Helping to Manage MS

Helping to Manage MS

Caring for someone with MS is tough, especially when they are a close family member. More than 100,000 people in the UK have MS, which means 100,000 families are going through the same thing with you.

MS, as you know, has no cure, however, it can be effectively managed through a number of medical treatments. Beyond the direct medical treatments, there is also a lot you can do.

Caring for someone with MS is an emotional rollercoaster, so look after yourself:

The symptoms of MS are unpredictable. MS suffers go through periods where symptoms get dramatically worse, and days where symptoms seem to improve, or even disappear.

As a family member, this is an emotional rollercoaster, so make sure that you have friends, family and support groups in place to support you, so that you can support them as best you can. It is also important to remember to eat healthily and exercise, both of which contribute to a healthy body and mind.

Finally, if you haven’t already, you may want to tell your employer. They have a duty to put in provisions to enable you to care for your loved one. They also stand to benefit from your continued productive employment, it really is a win-win.

Spotting and helping with the management of symptoms:

Beyond the medication and prescribed treatments, there are several additional ways to alleviate the symptoms:

  • Physical Exercise: Exercise can have a significant impact on everything, from muscular health and breathing to mood. Dependent on the stage, this can range from swimming and weight exercises to simple callisthenics (exercising using your own body weight). Just keep them moving.
  • Getting a good night’s sleep: Sleep is very important to MS sufferers. Make sure you keep to a routine and make it as easy for them to sleep as possible when it is time for that. This may mean buying blinds, cutting out screens an hour before bed and ensuring dinner is not too late in the evening. This can also have a hugely positive impact on mood.
  • Stress and anxiety: Many MS sufferers report that stress and anxiety triggers their symptoms. It is impossible to cut this out, however treating them with dignity and respect, as well as engaging with stress relief techniques, such as meditation, can make all the difference. It can also help them to join a support group.
  • Diet: Eating healthy food at regular times not only promotes sleep and reduces stress, but also keeps the body healthy. Many people claim that having plenty of vitamins and minerals can make a huge difference, especially Vitamin D. Whist the data isn’t there to support that yet, it can’t hurt.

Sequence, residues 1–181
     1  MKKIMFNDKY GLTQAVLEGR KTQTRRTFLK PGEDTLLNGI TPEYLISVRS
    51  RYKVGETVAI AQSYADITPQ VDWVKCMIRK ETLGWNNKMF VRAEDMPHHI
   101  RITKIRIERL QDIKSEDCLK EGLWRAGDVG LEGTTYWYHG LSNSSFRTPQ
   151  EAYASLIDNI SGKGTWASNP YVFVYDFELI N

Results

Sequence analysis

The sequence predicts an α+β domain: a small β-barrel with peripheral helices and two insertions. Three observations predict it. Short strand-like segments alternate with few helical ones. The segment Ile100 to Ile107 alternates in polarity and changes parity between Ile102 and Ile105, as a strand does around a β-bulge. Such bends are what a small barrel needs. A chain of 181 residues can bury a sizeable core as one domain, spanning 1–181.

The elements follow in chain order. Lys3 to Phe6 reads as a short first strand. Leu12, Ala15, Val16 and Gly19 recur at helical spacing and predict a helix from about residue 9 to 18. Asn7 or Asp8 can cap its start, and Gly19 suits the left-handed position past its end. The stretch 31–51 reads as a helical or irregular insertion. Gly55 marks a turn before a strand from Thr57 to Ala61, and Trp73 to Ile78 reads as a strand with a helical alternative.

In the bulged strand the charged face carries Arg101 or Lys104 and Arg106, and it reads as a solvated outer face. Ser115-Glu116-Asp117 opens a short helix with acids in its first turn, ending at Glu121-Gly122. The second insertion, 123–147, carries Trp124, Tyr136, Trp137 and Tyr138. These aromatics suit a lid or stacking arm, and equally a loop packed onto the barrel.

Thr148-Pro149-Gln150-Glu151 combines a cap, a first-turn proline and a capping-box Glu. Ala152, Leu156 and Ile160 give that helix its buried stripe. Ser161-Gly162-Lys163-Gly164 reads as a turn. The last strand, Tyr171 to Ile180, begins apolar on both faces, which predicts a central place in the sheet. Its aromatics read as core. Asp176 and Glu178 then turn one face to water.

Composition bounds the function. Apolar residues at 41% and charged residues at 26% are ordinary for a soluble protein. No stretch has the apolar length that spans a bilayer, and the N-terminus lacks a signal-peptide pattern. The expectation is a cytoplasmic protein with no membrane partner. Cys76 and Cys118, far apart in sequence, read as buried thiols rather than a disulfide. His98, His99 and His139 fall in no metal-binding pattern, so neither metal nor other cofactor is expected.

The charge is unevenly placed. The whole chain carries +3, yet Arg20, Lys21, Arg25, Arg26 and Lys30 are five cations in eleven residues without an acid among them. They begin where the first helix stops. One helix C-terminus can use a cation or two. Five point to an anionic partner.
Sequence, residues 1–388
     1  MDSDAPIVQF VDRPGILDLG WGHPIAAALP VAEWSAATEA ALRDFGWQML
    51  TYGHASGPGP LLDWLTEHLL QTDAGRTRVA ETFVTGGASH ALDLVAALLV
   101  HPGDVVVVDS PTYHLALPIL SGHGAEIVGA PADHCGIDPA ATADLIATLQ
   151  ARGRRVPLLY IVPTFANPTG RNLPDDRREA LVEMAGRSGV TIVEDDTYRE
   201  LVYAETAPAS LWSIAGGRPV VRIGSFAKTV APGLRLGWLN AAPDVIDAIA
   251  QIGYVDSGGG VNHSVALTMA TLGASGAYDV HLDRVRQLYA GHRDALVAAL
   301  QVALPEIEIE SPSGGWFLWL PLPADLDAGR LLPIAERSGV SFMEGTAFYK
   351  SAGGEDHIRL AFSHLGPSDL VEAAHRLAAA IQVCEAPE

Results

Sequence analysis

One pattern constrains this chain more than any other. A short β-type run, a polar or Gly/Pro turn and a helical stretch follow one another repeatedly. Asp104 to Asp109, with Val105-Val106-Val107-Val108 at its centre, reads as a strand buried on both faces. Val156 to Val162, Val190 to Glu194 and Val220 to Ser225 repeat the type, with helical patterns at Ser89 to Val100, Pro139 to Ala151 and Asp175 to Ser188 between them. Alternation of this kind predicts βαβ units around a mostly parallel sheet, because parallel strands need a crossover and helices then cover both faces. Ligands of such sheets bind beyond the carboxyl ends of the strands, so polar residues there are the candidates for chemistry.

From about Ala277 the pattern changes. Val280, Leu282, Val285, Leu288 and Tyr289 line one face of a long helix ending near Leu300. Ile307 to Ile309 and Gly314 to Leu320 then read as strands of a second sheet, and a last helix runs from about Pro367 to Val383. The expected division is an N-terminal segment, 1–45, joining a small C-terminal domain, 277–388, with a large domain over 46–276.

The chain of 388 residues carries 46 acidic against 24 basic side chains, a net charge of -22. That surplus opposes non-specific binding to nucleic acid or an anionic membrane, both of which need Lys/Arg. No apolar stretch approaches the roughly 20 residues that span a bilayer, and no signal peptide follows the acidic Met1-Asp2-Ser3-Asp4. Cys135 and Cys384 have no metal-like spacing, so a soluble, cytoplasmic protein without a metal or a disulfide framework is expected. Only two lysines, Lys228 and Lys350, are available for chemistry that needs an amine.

• Keep cool: A high body temperature makes symptoms worse. Whilst it is claimed that Vitamin D is good for MS, spending too much time in the sun can cause overheating, worsening any symptoms. In the home, there are plenty of temperature regulation products on the market, from fans and clloing clothing to temperature-controlled beds and mattress toppers.

Help them to follow the doctor’s orders:

Living with an MS sufferer can be difficult, however, living with MS is an awful lot harder. The temptation to do things that are fun like drinking is real, despite the symptoms it may trigger. To help them, you may consider the following:

  • Follow the same regime: Eat, sleep and exercise along side them. This will not only make it easier for them to stick to their routine but will probably be quite good for you as well. If you can’t do it all, get a friend or family member to help out.
  • Take temptation away: If there are no bad foods or alcohol in the house, giving in to temptation is much harder. Get rid of them.
  • Take care of their medication: Ensure that they take it all, on time and in the right dose. Keep an eye on the expiration dates and be sure to get more well in advance of needing it, so there are no gaps.
  • Get help: No matter who you are, caring for someone else is exhausting. So give yourself a break by having your friends and family help out. Employ a carer to help out from time to time to give you time to breathe.

The following links are also useful if you want to read further: